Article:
“The Stage” about Jovan Cirilov

Jovan Cirilov was the co­founder of the Belgrade International Theatre Festi­val (BITEF), one of the most significant theatre festivals in the post-war era, and a leading figure in the performing arts not only in the Balkans but also throughout Eastern Europe. Josip Broz Tito’s Yugoslavia was a bulwark, in many ways a cultural melting pot, between East and West in the Cold War years, and Cirilov was always alert to introduc­ing British and American companies to the festival in September each year.

When he and his BITEF co­founder Mira Trailovic met me off a plane in 1973 shortly after Tom Stoppard’s play had opened at the National Theatre, their first question was “Ow eez Jumpers?”. Polymath, linguist and poet, Cirilov translated the play into Serbian soon afterwards. He also translated the plays of Brecht, Genet, Sam Shepard and David Mamet.

But it was as a travelling selector, collaborator and producer that he made such a great contribution, right to the end of his life. He invited Peter Gill’s Royal Court rediscovery of the DH Lawrence trilogy to an early festival, as well as the first visit beyond Moscow of Yuri Lyubimov’s Taganka troupe, and New York’s Living Theatre. The Taganka pro­gramme included Vladimir Vysotsky’s sensational Hamlet with an endlessly mobile curtain (“walls have ears”) and a revolutionary vaudeville based on John Reed’s Ten Days That Shook the World.

Cirilov was a dedicated champion of, and enthusiast for, innovative, radical directors, from Peter Brook, Jerzy Grotowski and Ingmar Bergman to Robert Wilson, Eugenio Barba and Lev Dodin. He’d bring them all together, too, at the morn­ing-after debates and conferences in the original BITEF headquarters, the Atelje 212, founded by Trailovic.

I became a friend of his more than 40 years ago while editing Plays and Players magazine – Cirilov was a subscriber – in succession to Peter Roberts and Peter Ansorge, all three of us unofficial friends and advisers to BITEF.

After the heyday of the theatrical avant-garde, Cirilov increasingly favoured the wilder reaches of dance and sexually explicit repertoire, sometimes to the annoyance of Trailovic, who died in 1989. They made an extraordinary pairing: Trailovic the queen bee and arch diplomat, a woman of enormous charm and persuasion, and Cirilov, restless, quizzical, driven, who travelled the world and brought home the festival bacon; critics and practi­tioners in Western Europe always depended on him for the latest news in Estonia, Latvia or Lithuania.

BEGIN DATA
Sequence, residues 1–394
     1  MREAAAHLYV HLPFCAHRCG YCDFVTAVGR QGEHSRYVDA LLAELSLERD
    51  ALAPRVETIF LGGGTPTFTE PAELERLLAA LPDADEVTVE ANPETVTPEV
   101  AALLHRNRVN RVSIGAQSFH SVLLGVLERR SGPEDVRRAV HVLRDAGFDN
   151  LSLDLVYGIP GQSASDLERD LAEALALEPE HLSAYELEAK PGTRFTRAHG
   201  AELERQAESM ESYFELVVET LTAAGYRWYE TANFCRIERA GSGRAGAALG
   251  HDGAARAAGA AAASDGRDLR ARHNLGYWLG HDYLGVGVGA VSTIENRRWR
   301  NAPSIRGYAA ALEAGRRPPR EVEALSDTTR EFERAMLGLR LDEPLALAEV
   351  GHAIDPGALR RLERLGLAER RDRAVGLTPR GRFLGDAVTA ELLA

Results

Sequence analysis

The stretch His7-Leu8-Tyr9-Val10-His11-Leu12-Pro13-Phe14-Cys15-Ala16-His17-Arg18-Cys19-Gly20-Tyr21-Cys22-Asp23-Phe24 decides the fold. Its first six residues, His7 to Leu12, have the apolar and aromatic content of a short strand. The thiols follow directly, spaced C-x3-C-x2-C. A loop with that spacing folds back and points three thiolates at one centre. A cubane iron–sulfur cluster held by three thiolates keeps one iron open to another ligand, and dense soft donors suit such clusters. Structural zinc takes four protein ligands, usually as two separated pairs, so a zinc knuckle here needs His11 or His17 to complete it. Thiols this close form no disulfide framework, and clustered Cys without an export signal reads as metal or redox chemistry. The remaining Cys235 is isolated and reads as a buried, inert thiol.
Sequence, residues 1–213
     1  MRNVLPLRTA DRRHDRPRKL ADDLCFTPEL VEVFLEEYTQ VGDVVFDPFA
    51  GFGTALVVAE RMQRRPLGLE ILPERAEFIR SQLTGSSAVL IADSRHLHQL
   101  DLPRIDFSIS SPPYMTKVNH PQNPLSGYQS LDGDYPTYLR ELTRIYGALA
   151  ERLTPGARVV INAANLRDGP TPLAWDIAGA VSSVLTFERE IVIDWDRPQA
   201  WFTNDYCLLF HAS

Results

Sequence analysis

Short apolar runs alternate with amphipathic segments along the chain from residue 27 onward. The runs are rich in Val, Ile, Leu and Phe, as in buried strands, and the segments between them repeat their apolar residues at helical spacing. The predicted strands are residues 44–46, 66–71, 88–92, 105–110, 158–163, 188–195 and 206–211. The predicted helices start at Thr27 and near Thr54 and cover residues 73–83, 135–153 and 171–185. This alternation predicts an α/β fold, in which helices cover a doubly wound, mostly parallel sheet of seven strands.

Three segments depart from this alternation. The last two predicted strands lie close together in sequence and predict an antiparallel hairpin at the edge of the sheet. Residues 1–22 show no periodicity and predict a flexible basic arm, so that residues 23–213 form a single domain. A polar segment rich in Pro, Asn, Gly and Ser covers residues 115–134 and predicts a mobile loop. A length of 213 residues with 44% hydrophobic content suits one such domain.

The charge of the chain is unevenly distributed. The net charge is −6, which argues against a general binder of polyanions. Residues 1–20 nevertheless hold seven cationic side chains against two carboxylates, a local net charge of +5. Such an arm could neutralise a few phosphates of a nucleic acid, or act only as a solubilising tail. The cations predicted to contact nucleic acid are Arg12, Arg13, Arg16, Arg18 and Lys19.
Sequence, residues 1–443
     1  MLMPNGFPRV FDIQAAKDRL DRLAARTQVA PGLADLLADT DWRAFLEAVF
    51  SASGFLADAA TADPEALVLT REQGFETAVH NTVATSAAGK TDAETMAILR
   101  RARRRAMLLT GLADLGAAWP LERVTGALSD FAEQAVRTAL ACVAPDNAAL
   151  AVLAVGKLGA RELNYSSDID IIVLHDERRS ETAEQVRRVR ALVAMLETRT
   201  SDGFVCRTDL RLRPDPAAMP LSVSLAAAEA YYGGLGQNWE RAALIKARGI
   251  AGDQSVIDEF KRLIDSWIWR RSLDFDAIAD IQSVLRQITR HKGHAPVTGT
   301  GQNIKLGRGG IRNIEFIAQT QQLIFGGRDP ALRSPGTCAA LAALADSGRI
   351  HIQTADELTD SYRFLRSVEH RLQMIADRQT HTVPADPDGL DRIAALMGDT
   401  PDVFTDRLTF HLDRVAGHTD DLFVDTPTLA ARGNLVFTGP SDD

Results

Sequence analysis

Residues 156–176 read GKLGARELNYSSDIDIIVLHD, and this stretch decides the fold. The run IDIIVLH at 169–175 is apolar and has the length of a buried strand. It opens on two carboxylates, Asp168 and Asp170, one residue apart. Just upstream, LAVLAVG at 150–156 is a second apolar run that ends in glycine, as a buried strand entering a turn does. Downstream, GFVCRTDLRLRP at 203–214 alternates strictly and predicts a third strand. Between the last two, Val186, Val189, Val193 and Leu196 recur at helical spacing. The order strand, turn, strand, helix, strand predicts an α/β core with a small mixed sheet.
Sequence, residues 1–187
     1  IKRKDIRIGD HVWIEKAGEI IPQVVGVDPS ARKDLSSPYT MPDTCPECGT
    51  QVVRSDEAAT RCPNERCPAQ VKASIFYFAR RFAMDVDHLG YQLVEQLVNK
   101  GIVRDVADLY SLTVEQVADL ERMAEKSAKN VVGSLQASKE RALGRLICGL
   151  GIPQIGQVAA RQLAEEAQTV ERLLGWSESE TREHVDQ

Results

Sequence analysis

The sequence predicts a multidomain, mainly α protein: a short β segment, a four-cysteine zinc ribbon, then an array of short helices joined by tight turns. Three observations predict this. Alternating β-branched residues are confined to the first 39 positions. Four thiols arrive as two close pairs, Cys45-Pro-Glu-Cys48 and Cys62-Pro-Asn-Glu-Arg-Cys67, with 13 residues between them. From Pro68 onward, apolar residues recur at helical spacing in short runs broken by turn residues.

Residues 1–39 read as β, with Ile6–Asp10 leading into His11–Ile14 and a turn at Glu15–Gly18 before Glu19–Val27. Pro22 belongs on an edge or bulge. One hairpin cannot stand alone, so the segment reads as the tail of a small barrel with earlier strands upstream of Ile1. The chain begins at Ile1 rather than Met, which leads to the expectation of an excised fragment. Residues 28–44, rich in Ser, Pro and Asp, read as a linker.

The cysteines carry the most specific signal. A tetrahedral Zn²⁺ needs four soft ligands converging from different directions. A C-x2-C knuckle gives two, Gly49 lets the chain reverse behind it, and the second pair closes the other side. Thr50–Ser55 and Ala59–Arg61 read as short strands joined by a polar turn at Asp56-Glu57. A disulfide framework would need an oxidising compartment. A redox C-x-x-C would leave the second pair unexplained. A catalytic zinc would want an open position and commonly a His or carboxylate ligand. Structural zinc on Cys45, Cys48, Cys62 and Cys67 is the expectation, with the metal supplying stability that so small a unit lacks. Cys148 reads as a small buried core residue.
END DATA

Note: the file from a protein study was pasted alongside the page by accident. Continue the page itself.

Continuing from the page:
Cirilov was born in Kikinda, Serbia, the only child of a council clerk and his socially well-connected wife. After graduating in philosophy from Belgrade University in 1955, he joined the Yugoslav Drama Theatre as dramaturg the following year, becoming manager in 1985. From 2001-07, he was chairman of the national committee of Yugoslavia, and later Serbia, with UNESCO.

Impresario, lexicographer, opinion-former, writer and antholo­gist, Cirilov’s work-rate was phenom­enal, bordering on the obsessive. He wrote theatre reviews, newspaper columns, dictionaries, novels, poetry and, since 1986, a “word of the week” paragraph in a leading magazine.

Politics and theatre were indivisi­ble for Cirilov. He lived by his dislike of ideology while being, for most of his life, a committed member of the League of Communists of Yugoslavia. As such, he was the first person in Serbia publicly to demand the decriminalisation of homosexuality.

I always felt that he was wired, through his art, to what was happen­ing on his own doorstep. When Tito died in 1980, BITEF presented a Hamlet directed by Ljubisa Ristic that seemed suddenly to be about the succession. Cirilov was a barometer of his time and a great figure in our contemporary theatre.

Jovan Cirilov was born on August 30,1931. He died, aged 83, in Belgrade on November 16.

Michael Coveney